The appendix to J. C. Holt’s history of Reading University helpfully names all its officers, professors and librarians who were in post between 1926 and 1976 (pp. 331 ff.).
The first four Vice-Chancellors are listed like this:
- 1926-9 W. M. Childs
- 1929-46 Sir Franklin Sibly
- 1946-50 Sir Frank Stenton
- 1950-63 Sir John Wolfenden
Ever since I first came across Holt’s book almost a decade ago, I wondered why William Macbride Childs, Reading’s first Vice-Chancellor, was never knighted.
Out of Reading’s ten Vice-Chancellors, five have received knighthoods, though not always solely for their academic leadership, and David Bell was already ‘Sir David’ on his appointment.
Nevertheless, Childs would seem to have been a prime candidate. After all, it was largely thanks to him that a relatively obscure College developed sufficiently to receive the Royal Charter (even Edith Morley had never heard of the College before she was invited for interview in 1901).
Childs’s relatively short tenure as V-C was the culmination of a much longer association with the College. It began inauspiciously in 1893 with a part-time position teaching history to pupil teachers, some coaching and giving University Extension lectures. In a parallel with Morley’s experience 8 years later he explains that;
‘I knew nothing about this new College, nothing about Reading ….’ (W. M. Childs, 1933, p. 1).
By 1903, however, Childs had become the Principal of what had recently become University College, Reading, and he soon developed a vision for achieving full university status. Here’s how Professor Holt recounts his achievement:
‘From the moment in 1906 when he first announced it, he pursued the objective of university status with a methodical and relentless intent. He was personally responsible for some of the most characteristic features of the University College: the emphasis on residence and the importance of agriculture. He was the inspiration behind the movement for the Charter.’ (Holt, 1977, p. 28).
Not that Holt was blind to Childs’s faults and errors; he documents these in some detail and concludes:
‘He was a man to found a university. He was not equally a man to develop one once founded’ (Holt, 1977, p. 28).
Following Childs’s retirement in 1929, the issue of a knighthood was a matter of concern for family, friends and fellow academics. Writing of the accolades his father had received, Hubert Childs wondered:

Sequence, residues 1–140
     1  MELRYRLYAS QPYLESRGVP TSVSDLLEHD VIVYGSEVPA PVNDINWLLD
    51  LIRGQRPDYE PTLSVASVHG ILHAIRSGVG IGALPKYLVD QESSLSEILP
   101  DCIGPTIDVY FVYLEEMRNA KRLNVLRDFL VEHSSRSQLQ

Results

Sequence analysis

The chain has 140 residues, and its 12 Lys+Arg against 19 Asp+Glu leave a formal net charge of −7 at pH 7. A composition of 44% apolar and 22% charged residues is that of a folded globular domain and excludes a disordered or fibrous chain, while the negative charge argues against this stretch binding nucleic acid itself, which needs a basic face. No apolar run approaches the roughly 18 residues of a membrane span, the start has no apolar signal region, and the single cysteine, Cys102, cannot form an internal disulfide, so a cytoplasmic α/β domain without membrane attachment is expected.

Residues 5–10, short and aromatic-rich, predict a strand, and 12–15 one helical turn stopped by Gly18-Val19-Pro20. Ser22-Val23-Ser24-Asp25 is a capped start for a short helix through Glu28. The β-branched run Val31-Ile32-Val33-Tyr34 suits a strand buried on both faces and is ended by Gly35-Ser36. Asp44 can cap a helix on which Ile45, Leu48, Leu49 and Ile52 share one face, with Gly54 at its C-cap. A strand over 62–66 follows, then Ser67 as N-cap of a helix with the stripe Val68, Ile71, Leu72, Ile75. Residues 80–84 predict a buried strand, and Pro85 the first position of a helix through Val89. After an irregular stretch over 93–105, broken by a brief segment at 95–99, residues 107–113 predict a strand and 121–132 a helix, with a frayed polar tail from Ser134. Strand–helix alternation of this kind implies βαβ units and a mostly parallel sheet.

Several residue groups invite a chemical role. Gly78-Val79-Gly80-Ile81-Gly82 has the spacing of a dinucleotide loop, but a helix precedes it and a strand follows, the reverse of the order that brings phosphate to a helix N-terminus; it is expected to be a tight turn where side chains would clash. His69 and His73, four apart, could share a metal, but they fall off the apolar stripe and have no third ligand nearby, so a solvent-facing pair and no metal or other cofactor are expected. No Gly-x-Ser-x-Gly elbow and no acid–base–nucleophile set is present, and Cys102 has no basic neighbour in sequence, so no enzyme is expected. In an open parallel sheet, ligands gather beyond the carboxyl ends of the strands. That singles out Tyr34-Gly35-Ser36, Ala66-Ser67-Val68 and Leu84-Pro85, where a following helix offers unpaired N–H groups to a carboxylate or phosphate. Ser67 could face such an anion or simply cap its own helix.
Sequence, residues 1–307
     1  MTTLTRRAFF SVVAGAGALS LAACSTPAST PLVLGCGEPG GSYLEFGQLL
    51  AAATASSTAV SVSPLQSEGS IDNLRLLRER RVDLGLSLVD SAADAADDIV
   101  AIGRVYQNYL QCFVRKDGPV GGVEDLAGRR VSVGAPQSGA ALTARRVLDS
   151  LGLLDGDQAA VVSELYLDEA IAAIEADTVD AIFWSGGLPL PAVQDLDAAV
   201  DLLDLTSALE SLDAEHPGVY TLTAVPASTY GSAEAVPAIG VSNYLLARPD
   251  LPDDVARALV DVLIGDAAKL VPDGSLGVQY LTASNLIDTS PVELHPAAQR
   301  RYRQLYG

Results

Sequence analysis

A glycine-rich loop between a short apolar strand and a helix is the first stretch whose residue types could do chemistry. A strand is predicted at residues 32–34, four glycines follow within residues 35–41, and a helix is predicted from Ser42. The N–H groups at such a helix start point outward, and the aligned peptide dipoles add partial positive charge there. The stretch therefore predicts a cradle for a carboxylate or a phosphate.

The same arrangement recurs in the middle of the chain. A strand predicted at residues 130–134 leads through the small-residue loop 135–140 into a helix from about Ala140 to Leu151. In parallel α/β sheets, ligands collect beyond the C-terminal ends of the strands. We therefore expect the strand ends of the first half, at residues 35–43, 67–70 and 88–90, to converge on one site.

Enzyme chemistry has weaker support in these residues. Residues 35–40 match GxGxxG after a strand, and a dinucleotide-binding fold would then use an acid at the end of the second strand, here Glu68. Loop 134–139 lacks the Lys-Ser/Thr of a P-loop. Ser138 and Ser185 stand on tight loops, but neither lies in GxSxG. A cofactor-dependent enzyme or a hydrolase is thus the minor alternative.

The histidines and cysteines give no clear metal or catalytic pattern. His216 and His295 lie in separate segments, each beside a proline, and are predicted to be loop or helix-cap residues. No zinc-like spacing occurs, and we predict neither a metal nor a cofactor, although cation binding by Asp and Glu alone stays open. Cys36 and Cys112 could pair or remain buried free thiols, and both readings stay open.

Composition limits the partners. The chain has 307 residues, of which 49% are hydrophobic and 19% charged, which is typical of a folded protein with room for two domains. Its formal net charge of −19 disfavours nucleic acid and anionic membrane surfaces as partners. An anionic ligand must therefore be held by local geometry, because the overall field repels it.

‘…. why was it that in all the eagerness to pay my father honour and to mark his achievement by words and action worthy of it, there was, seemingly, no recognition by the State of what he had done and stood for? The omission caused him little personal concern, for he attached no great importance to such things; but it perplexed his friends who expected a knighthood to be conferred upon him, both in honour of himself and the new University.’ (H. Childs, 1976, pp. 145-6).
One possibility was that the political instability following the General Election of 1929 and a change of Government were the explanation, but this idea was rejected by Hubert Childs.
More likely, in his opinion, was that, on separate occasions, his father refused to accept both the Freedom of the Borough of Reading and a knighthood unless Alfred Palmer, his friend and benefactor received the same honour.
As Hubert Childs concluded:
‘Those who attempt to apply conditions to the acceptance of honours inevitably run the risk of falling foul of unrelated and unthought-of considerations, and this may be what happened in this case.’ (H. Childs, 1976, p. 147).
Childs, H. (1976). W. M. Childs: an account of his life and work. Published by the author.
Childs, W. M. (1933). Making a university: an account of the university movement at Reading. London: J. M. Dent & Sons Ltd.
Holt, J. C. (1977). The University of Reading: the first fifty years. Reading: University of Reading Press.
Morley, E. J. (2016). Before and after: reminiscences of a working life (original text of 1944 edited by Barbara Morris). Reading: Two Rivers Press.
The Magazine of University College Reading, 1904, Autumn Term, Vol IV, No. 1.
University of Reading Special Collections: University History MS 5305 Photographs – Portraits Boxes 1 & 2.
To Ian Burn for supplying the correct image of Professor Holt.